MIPS Are From Mars 

Pixels Are from ... Pluto? 


by Lou Washington, Cincom's Master of MIPS

When I was in about the 7th grade, maybe the 6th, I was forced by my parents to join the Junior Cotillion. I don’t know if they had these things where you grew up, but for me it was a waste of an entire evening every week . . . an evening that could have been devoted to television, pizza and other culturally enriching experiences.  

I should have been culturally enriching myself! 

(a younger Lou) 

The purpose of the cotillion was to begin the long process of transforming happy, carefree, fun-loving boys into the miserable spineless creatures that act happy about having to drive minivans to chick flix, bassoon recitals and poetry readings.

A Little Lou Lie

We had to do all the stuff we hated.

We had to shower, dress up with a tie and jacket, wear shined shoes which meant we couldn’t kick anything, act polite and worst of all, act interested in girls and dancing.

Little Loupinocchio

I know . . . 7th graders today are way ahead of where we were in my time. Today they are taking classes in pre-nuptial agreements and no-fault divorce. But you know what I mean.

Back to the cotillion.

When you arrived at the ballroom, the scene was always exactly the same. In one corner, all of the girls would be gathered together in a tight knot. They were plainly excited about the prospect of torturing boys all night long. They would be laughing, whispering back and forth to one another; occasionally they would point to some poor unfortunate lad. Only God knew what they had in mind for the sorry fellow.

In the opposite corner, the corner most distant from the ladies, you would see another gathering.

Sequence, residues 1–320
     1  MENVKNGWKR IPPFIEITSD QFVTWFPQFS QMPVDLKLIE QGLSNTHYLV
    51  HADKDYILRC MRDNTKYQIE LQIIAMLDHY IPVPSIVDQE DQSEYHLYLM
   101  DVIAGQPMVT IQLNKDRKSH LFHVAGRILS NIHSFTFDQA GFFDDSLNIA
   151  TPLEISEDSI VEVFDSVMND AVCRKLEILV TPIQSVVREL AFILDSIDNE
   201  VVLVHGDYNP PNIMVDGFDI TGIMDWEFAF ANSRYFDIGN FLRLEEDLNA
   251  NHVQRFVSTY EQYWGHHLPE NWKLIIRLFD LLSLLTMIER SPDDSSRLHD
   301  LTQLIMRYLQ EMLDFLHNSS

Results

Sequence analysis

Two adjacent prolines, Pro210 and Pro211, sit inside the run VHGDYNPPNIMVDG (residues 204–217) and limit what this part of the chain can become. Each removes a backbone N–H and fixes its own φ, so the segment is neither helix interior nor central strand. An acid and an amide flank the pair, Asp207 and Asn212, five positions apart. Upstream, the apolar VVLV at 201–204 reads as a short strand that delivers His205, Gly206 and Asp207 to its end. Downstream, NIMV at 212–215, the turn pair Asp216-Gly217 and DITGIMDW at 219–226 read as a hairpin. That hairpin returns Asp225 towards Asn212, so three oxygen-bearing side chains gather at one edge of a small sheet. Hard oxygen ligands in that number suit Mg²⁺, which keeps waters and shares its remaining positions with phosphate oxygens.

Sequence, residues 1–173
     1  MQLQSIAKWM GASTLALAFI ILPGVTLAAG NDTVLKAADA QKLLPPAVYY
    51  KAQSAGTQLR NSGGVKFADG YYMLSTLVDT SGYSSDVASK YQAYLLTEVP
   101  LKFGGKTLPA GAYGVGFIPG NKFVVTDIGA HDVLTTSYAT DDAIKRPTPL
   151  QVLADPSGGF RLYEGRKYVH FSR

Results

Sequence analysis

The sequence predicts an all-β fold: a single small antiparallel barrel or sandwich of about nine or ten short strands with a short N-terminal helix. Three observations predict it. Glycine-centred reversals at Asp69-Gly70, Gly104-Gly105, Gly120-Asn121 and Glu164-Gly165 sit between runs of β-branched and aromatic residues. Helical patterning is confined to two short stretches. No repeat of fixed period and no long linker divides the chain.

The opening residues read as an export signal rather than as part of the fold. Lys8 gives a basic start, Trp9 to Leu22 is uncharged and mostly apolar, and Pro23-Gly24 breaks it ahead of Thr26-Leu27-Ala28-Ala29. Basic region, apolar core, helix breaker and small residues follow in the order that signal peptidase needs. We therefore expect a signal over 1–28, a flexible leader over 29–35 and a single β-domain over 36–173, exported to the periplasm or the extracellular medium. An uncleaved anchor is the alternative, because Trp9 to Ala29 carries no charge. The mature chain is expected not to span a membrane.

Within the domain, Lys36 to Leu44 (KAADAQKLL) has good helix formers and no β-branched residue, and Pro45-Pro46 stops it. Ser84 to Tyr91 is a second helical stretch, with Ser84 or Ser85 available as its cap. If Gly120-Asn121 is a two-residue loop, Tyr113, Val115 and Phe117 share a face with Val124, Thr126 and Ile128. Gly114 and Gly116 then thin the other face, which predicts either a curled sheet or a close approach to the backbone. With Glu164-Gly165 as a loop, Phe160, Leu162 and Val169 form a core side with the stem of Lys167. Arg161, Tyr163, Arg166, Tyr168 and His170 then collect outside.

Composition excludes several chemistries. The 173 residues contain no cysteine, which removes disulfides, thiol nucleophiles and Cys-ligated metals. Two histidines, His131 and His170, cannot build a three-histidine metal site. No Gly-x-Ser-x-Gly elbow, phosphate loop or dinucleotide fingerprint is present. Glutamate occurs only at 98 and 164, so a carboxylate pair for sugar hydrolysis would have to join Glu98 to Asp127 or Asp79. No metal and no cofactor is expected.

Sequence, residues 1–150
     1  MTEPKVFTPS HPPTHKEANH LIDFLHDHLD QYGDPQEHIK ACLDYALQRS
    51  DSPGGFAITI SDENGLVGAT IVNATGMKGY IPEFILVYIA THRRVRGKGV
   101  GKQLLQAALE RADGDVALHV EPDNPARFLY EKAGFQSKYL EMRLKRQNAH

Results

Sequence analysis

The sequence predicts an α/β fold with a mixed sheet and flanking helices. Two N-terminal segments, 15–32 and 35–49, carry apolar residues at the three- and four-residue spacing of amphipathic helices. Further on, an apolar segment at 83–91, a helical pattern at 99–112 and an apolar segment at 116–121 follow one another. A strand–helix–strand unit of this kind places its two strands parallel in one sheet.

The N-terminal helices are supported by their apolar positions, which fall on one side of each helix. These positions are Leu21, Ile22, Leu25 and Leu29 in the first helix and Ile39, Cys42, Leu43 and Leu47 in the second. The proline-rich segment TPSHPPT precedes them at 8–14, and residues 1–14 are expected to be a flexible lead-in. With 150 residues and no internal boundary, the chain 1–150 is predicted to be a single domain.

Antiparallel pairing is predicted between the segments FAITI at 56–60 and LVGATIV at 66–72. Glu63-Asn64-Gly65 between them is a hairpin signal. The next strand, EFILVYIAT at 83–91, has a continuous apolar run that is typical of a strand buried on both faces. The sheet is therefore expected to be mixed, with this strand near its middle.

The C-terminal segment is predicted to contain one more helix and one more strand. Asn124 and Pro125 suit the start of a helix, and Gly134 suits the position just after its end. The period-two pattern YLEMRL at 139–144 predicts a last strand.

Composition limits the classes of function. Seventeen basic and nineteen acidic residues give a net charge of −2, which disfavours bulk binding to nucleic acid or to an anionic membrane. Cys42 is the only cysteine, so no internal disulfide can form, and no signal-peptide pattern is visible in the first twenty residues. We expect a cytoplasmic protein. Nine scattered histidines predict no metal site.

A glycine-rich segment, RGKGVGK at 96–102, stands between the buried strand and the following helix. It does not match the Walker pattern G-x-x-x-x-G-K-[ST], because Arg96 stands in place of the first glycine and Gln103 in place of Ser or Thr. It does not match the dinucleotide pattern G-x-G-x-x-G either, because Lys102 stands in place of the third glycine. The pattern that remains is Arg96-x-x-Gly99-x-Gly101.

All the boys would be standing there itching, scratching, pulling at ties knots, looking gloomily at the clock. Not much conversation would be taking place in that corner. It would be a long, long night.

Technological Apartheid

There is a similar scene occurring everyday in our contemporary working world.

Each day, the IT department wakes up little by little as the workers file in. One group heads to the coffee machine, the other brings in their Starbucks Mocha Latte Java Lite Grande. One group discusses the latest reality-based television show and the other group glumly discusses how worthless television has become. One group plugs in their iPods, the other group plugs in their space heaters.

At lunch, if you have a lunchroom, the scene is eerily similar to the cotillion ballroom. The two groups separate themselves from each other and ignore each other as if an infection might be passed between the two species.

There they are . . . two different groups, two different generations, two different bodies of knowledge.

Gonzo VS Geezer Geeks

Reflecting this technological apartheid, are the systems these people are responsible for.

On one side are the so-called legacy systems, written in older languages like COBOL. These systems are probably character- based, green-screened, back-office systems that perk along, crunching huge amounts of data on huge mainframe platforms.